I can also tell we are settling by our routines. Adam nestles into my arm at the end of each day while I watch Peter Mansbridge on The National. Sorry, Peter, but you put my son nicely to sleep. Adam his happy to watch with me quietly for a while. Then his eyes begin fall shut slowly and when he’s breathing deeply, I carry him to his bed, even though he keeps getting heavier. As I pull the baby blue blanket right up to his chin, he is grinning with his eyes tightly closed. “Goodnight my sweetheart,” I say. I kiss him and leave the room, remembering myself at his age, just as happy when my mother or father did the same.

I feel like Jodie Foster in Little Man Tate. Sure, we are not as verbally articulate, but we are no less expressive. We understand each other. We have our many ways. Like them, Adam and I lie around and watch the clouds together; and I hold him tight when the lights are low and the house is quiet except for the whir of traffic outside.

Without disturbing too much privacy, I think there are only a few things I can share as Adam’s ally — simply because I need to express these good times — like his love of music, for one. Adam also has some cool dance moves. This is a combination of raising his arms up in the air to swaying them with the rest of his body side to side, to a full on rock on jump and hand flap — and let’s not forget his electric smile. Adam is increasingly adept at piano and tries his hand at guitar (I think he prefers guitar — no lessons involved). There is no question that he has artistic ability (see photo).

This could just be becoming the happiest time in our lives. That’s why the news of last week was so upsetting because it takes so long to find balance and when there are additional challenges with a child, the last thing one wants is more. I know there are more challenges ahead, but today I decide to take in the light breeze.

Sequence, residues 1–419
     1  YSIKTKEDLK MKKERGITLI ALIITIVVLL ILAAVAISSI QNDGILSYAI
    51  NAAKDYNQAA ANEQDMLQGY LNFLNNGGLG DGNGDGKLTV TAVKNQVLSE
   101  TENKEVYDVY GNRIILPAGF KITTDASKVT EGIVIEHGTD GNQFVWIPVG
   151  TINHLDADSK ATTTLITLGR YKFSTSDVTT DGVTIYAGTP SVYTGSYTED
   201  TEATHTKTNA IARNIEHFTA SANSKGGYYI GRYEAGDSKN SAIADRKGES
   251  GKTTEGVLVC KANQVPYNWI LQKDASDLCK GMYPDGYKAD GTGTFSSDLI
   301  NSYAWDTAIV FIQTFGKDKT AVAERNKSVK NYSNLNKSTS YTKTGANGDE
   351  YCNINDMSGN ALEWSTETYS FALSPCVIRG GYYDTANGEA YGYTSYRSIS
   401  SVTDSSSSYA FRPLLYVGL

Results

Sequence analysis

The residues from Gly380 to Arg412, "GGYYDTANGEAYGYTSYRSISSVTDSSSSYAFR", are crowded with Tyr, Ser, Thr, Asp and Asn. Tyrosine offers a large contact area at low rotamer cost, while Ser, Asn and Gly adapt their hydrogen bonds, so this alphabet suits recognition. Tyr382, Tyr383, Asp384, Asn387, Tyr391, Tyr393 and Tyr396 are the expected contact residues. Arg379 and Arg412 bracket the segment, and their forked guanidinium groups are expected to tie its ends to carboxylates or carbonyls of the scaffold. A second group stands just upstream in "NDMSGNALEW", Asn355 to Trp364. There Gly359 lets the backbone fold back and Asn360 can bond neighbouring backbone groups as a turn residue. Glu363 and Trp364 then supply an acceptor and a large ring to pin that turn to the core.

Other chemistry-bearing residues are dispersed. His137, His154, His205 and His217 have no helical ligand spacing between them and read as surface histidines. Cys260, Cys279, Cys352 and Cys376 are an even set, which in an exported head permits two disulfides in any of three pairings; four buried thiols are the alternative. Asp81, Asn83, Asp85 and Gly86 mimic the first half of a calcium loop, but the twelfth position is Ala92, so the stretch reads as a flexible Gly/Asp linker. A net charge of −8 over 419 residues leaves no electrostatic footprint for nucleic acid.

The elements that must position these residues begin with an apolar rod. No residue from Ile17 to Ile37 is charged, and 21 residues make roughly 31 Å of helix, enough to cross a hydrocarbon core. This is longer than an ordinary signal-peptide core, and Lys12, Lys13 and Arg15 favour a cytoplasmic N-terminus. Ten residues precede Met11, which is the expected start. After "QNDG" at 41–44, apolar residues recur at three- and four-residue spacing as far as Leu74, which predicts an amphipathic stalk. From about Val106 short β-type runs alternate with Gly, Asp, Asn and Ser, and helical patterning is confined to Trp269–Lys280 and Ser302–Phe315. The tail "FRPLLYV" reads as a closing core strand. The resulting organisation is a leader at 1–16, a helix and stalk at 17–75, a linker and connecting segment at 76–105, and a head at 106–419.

I was once told when Adam was first diagnosed that this was going to be a “marathon, not a sprint.” Well, after a few years now, I don’t just think it’s a marathon…it’s Ironman. All of the work is really important, especially in a world that still does not fully understand and accept autism, but it’s not everything. It’s not what Adam will remember or what will necessarily trigger his heart. He’s going to remember when I carried him to bed and pulled the blanket under his chin. He’s going to remember lounging out in the yard and watching and naming the clouds with me when I’m gone. I think the work that we do goes without saying, but it’s also important to stop and listen to the music, to experience love. It’s everything.

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About Me


ESTÉE KLAR

I’m a PhD candidate at York University, Critical Disability Studies, with a multi-disciplinary background in the arts as a curator and writer. I am the Founder of The Autism Acceptance Project (www.taaproject.com), and an enamoured mother of my only son who lives with the autism label. I like to write about our journey, critical issues regarding autism in the area of human rights, law, and social justice, as well as reflexive practices in (auto)ethnographic writing about autism.